What is the story behind the name of your debut album, A Violent Flame?
It’s a lyric from from our song “How Long.” “The life we lead is a violent flame/ trapped within this tender frame/ to the end will the spark await, to arise”. It seems to do a pretty good job summing up both the record’s vibe. There are moments of brightness, but on the whole has a darker feel.
Did you have to raise funds to record the album?
You only get one shot to make your first record. And so we wanted to do it right. We hired a fantastic producer, Matt Noveskey (also bassist for Blue October), flew an amazing engineer to Austin (Adam Hawkins, who engineered/mixed Switchfoot’s Hello Hurricane and Regina Spektor’s Far), and booked a legendary studio, Willie Nelson’s Pedernales Studio. These expenses, we knew, were going to cost us a good amount of money, which we didn’t have. So we thought if we could raise almost half of the cost ($10,000), we could find a way to pay for the rest. So that was the goal for our Kickstarter campaign. And in 3 months, we did just that! We have some amazing family, friends and fans. (Note from Rebecca- Kickstarter is an awesome way to raise money and gain support for a creative project!)
How many days, hours, weeks did it take to record the album?
We recorded every day for two weeks straight, with one day off in between, pretty much recording all day long.
Who writes Courrier’s songs?
Austin and Philip write the foundation (lyrics and melody) for most of the songs, but in the end, it’s an entire band process. We usually bring the song ideas to practice as unfinished thoughts and work through them there. So it’s definitely an equal process.
What were the biggest challenges during the recording process?
The recording process actually went pretty smoothly, until the end. When Austin had to do his vocals in the last week, he got pretty sick. He even took a day off from the studio to rest his voice. We weren’t sure if he would be able to record vocals then, but he decided to push through, and killed it. It was amazing.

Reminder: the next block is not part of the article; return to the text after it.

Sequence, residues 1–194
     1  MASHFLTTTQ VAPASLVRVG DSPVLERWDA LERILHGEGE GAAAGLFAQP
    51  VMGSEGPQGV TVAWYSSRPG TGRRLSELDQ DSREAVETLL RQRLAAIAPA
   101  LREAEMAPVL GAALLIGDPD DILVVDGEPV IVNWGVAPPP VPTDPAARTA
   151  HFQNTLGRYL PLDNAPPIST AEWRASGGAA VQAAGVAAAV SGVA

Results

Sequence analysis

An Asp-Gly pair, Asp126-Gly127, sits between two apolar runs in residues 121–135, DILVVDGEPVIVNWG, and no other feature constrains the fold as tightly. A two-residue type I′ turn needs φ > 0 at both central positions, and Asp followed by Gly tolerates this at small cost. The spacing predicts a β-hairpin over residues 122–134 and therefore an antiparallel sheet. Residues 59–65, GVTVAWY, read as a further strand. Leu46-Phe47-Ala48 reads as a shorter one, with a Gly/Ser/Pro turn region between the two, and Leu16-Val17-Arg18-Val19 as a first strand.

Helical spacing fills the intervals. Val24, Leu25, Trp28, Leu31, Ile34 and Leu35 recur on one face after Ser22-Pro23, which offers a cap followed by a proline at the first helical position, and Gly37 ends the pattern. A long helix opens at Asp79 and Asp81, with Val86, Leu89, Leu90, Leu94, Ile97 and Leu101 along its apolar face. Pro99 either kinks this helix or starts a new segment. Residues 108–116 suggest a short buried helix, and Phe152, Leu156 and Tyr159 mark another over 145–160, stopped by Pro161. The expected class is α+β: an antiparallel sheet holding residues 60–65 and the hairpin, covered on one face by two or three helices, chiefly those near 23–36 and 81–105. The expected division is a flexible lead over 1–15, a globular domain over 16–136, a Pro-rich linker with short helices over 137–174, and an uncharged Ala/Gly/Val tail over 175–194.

What was the biggest thing you learned during the recording process?
Well, we have been in the studio a few times before, but never to record a full-length record. It’s hard to even understand what that is like if you’ve never done. A lot of emotional swings. You get really tired and worn out, but then something happens by chance and everyone gets really excited and into the process again. We actually did a great job of preparation prior to the studio, with everyone writing their parts and a week of rehearsal. So when we got into the studio, we knew what to do, and had a little extra time to experiment.
What was the most fun during the recording process?
Everyone always says the most fun thing about the studio are the moments that you didn’t expect to happen, when someone does something by accident, or you change a part just slightly and it throws a whole new light on the song. That’s definitely true. The moments of experimentation (when it actually worked) were the most fun. When we would record the entire drum kit through a distorted amp, or when Adam would throw a crazy effect on a guitar sound. That was the fun stuff.
What is your favorite song on the album and why?
I (Philip) think the band favorite has to be the last song on the album, Morning Light. It feels the most tense and triumphant of all the songs on the record.
What are the plans for the band after the album is released?
The plan is to continue to promote the record and get it into as many people’s hands as possible. We believe in our album so much, that we think if people would just listen to it, they might really like it. So the plan is to figure out how best to do that. We’re hoping to do our first national or semi-national tour over the summer, too.
How are you celebrating the release of A Violent Flame?
The album release party! This Friday, the 28th at the Parish. Doors are 8. We’ve asked our friends David Ramirez, Aaron Ivey band, and Quiet Company to join us, and it’s going to be a blast!
Anything else you want to add?
We want to tell people to buy the record! Or at least listen to it. I hope that they will be pleasantly surprised. You can download the album sampler on the Courrier website before the official release on February 1st.